Celebrating women of all shapes, sizes and backgrounds on International Women’s Day, we had a look at the 2017 Forbes list of the ‘world’s 100 most powerful women’ to see who this years key influential figures were. Ranking top of the list ten times, from 2006 to 2009 and again from 2011 to 2016, Angel Merkel is one of the most powerful political leaders of this day and age.
Surpassing Hillary Clinton and Janet Yellen, Merkel has spent 12 powerful years in office and has as a leading figure in politics, paved a truly inspirational way in a time when more women than ever are leading, or running for office in many of the world’s largest nations. Germany is the world’s fifth largest economy and the largest led by a woman, the chancellor is most definitely a force to be reckoned with.
From her lead in Europe to steering Germany safely through the recession Angela Merkel has transformed German politics since being voted into office. Amongst her many achievements, we have listed some of her greatest here:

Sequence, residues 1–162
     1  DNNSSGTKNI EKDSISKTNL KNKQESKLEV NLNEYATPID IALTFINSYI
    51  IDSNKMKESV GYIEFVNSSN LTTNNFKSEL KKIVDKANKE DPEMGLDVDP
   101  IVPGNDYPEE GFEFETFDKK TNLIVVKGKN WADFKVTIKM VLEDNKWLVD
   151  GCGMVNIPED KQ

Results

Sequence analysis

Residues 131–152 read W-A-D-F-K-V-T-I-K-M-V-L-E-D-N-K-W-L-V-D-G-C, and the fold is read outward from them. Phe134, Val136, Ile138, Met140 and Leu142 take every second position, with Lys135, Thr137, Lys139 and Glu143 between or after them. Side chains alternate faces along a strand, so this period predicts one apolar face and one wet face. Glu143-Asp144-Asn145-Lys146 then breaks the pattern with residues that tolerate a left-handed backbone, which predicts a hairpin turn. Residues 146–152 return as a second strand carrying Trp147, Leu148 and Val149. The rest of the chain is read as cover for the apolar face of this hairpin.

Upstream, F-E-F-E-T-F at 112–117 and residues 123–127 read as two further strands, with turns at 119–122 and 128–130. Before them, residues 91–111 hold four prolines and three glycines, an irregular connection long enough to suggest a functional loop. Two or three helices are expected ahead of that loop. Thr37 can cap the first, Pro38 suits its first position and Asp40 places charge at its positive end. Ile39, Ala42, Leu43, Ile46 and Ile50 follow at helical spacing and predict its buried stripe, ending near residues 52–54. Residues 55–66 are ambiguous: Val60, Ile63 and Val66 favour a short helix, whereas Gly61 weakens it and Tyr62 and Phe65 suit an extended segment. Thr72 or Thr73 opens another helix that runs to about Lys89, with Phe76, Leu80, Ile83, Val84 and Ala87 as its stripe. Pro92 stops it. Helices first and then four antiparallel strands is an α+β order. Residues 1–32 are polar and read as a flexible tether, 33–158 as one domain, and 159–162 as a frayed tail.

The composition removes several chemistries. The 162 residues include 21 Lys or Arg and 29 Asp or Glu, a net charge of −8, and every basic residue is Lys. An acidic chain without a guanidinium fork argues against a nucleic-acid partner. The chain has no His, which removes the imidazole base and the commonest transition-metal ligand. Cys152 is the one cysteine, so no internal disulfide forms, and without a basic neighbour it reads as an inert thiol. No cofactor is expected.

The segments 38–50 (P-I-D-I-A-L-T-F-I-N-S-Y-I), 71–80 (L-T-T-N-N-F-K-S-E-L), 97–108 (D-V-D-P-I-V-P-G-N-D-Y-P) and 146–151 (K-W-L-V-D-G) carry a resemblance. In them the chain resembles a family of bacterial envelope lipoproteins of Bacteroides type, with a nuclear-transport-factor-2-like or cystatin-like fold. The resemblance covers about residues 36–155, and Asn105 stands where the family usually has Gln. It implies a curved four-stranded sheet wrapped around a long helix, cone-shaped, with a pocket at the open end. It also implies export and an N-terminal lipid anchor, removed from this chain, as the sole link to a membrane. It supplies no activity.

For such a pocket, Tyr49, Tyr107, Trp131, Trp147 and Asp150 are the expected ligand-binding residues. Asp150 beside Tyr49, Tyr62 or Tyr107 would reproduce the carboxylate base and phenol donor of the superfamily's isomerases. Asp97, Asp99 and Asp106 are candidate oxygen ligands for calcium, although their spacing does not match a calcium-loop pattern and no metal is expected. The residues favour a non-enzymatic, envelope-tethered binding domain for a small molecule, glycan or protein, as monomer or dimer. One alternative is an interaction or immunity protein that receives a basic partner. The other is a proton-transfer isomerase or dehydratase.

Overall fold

In 2011, after more than 50 years the Bundeswehr (armed forces) abolished compulsory conscription as part of plans to reduce the size of the military.This decision marked a profound change for Germany, where compulsory service was re-introduced 50 years ago.
Introduced parent benefit
In 2007, parent benefit was introduced in an effort to support couples with children. Germany has a long tradition of creating and maintaining strong social programs and this was a beneficial development for people planning to start a family.
Introduced a minimum wage
In 2015, an hourly minimum wage of €8.50 (£7-an-hour) rate was introduced to help tackle growing social divisions and deal with increasing wage inequality. Other European countries have been adjusting their minimum wage policies.
Following the Fukushima disaster, Merkel shut eight of Germany’s 17 nuclear reactors as part of a long-term transition to alternative energy sources. Germany has since become one of the most forward thinking countries in terms of energy reform policies and hopeful plans show that 60 percent of all energy in Germany will come from renewable energies by 2050.
Most importantly though, we congratulate Merkel on succeeding as a woman in a male-oriented party. Happy International Women’s Day!